Gardai's double-jobbing is `damaging' the force's relationship with public

 

GARDAI who are also landlords and nightclub "bouncers" are damaging the force's relationship with the public, according to Democratic Left.

"Their work depends on trust and the good relationship that they have with the public, and this is getting in the way," said Ms Liz McManus, Minister of State for the Environment.

She said she could not say whether gardai could be prohibited from having other jobs, but it "shouldn't be a matter of compulsion". Gardai should be persuaded to concentrate on their work for the force, she said.

Mr Eric Byrne TD said "double-jobbing" by gardai "does cause concern and a lot of cynicism among the public". "We believe there is a duty on gardai not to double-job.

"Very often the type of double-jobbing that guards are engaged in is seen to be confrontational. If it's a bouncer on a club, it doesn't do the public image of the guards any favours. It's also reputed - I don't know whether statistics are available - that many guards are landlords, and I think that the image of the guard being a landlord is not a good image for the public in general."

They stressed the Garda had been working effectively recently and its senior officers understood the needs of communities and for "professionalism" from gardai.

Democratic Left was publishing its proposals yesterday for reforming the Garda, aimed at "building trust" between communities and the force. The proposals include liaison committees for local authority areas and "community policing councils" for "vulnerable estates and flat complexes".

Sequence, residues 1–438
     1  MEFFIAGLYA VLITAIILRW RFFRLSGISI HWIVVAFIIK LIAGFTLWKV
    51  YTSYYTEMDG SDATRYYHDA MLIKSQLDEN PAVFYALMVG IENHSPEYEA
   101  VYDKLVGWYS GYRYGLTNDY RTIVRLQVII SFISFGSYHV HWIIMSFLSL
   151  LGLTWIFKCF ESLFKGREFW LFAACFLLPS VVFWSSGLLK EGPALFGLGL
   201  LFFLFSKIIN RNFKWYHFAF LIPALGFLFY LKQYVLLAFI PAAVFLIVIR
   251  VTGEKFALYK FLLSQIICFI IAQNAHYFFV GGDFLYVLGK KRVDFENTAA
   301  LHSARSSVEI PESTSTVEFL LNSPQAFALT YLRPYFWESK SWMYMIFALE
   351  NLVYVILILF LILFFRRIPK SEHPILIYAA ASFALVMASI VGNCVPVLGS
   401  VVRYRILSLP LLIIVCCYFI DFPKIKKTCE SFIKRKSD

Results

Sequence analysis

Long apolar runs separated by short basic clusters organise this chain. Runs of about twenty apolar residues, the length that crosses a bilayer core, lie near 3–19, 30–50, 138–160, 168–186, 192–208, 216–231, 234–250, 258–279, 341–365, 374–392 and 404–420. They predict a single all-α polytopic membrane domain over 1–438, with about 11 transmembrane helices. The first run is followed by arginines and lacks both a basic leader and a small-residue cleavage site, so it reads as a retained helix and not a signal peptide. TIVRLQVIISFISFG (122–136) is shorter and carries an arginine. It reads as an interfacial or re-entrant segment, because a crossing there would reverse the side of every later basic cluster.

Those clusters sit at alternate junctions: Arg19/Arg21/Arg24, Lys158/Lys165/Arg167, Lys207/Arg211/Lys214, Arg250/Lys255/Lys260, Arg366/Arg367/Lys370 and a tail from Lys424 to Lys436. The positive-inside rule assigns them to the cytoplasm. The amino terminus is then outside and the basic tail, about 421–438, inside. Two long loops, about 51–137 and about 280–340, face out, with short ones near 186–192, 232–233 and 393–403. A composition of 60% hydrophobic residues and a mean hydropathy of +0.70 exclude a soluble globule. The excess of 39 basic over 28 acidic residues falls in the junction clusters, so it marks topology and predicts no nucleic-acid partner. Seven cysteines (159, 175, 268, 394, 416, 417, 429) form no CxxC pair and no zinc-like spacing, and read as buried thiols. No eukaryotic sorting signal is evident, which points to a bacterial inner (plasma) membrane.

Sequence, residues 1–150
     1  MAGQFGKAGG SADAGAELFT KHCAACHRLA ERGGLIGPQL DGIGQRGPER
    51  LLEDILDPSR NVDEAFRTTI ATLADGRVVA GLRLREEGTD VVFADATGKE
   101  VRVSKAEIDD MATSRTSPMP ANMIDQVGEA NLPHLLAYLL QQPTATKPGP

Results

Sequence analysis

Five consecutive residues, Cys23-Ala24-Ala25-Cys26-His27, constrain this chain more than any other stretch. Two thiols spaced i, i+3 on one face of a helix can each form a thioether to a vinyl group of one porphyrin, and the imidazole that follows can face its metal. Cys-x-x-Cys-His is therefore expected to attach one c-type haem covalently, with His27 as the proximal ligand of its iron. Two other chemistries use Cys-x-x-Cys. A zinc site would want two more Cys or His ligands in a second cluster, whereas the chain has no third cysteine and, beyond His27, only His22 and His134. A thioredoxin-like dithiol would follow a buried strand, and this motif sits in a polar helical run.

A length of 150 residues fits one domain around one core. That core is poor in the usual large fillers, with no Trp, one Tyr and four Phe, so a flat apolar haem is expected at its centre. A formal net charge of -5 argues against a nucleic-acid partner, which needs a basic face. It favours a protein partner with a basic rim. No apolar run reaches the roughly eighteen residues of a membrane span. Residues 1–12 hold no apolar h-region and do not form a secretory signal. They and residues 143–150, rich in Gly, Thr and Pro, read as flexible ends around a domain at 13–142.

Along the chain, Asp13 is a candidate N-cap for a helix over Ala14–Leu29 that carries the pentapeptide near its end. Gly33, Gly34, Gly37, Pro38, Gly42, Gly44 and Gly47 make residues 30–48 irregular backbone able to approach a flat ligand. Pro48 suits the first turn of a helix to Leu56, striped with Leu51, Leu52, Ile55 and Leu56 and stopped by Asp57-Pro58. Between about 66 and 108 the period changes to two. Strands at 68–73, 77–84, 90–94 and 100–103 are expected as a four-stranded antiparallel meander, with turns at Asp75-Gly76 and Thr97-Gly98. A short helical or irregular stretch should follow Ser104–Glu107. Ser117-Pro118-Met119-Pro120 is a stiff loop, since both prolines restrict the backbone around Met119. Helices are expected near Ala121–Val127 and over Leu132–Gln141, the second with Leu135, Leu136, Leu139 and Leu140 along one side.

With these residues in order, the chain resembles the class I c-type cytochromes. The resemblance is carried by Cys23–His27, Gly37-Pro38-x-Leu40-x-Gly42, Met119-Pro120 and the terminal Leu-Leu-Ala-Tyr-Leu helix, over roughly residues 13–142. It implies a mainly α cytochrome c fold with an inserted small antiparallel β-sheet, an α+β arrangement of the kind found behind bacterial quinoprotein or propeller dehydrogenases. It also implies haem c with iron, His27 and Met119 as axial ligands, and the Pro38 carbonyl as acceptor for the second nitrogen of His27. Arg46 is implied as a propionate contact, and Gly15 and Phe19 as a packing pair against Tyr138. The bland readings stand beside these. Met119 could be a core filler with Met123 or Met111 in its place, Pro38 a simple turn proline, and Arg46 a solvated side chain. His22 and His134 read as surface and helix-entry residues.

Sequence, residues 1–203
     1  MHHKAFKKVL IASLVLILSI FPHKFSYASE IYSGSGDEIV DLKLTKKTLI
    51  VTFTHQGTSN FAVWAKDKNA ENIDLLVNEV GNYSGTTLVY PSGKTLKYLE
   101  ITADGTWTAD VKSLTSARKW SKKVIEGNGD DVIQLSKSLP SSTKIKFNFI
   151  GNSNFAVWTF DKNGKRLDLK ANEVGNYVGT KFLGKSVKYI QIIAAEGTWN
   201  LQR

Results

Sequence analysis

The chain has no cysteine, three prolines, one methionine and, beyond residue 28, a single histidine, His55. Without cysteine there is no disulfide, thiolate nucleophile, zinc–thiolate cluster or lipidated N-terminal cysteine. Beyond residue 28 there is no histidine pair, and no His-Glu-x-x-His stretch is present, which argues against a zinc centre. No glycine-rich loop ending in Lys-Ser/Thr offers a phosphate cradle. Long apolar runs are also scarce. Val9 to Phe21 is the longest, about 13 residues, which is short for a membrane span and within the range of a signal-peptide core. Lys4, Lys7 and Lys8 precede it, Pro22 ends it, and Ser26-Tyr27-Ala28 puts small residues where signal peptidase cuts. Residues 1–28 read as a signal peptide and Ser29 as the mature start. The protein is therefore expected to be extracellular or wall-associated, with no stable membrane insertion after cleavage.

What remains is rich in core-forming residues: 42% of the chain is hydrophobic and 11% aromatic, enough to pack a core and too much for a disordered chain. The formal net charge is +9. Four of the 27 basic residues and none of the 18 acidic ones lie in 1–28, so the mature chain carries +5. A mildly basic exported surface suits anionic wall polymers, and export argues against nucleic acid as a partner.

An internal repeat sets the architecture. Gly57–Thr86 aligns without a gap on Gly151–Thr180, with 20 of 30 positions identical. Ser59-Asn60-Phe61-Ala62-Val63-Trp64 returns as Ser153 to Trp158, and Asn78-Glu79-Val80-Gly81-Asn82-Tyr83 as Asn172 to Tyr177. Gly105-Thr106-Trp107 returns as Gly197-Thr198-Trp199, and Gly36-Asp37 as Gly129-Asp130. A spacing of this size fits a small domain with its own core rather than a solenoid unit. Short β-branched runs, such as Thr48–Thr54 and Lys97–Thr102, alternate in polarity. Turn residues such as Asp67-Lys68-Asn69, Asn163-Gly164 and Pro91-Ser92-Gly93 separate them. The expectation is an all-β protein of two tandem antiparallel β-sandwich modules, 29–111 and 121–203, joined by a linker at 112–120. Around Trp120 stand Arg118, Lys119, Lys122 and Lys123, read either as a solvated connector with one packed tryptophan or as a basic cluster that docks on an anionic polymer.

According to Democratic Left "any review of Garda operations must be to reverse the over-centralisation trend of recent years" and should also ensure the force has the resources and technology it needs. Mr Byrne said he also wanted to see gardai "getting proper pay for the work they do".

Meanwhile Fianna Fail has said its "zero tolerance" policing scheme would apply to drug dealers as soon as it came into office.

The party's justice spokesman, Mr John O'Donoghue, yesterday said the public wanted action against drug dealers above all else.

The party's main proposal is for special drug courts which could send addicts into treatment courses. It advocates a "twin-track" approach stressing the need to pursue drug dealers, but offering "a policy of caring assistance" for addicts.

Mr O'Donoghue said Fine Gael's policies for tackling drug crime "are capable of being written in block capitals on the back of an envelope".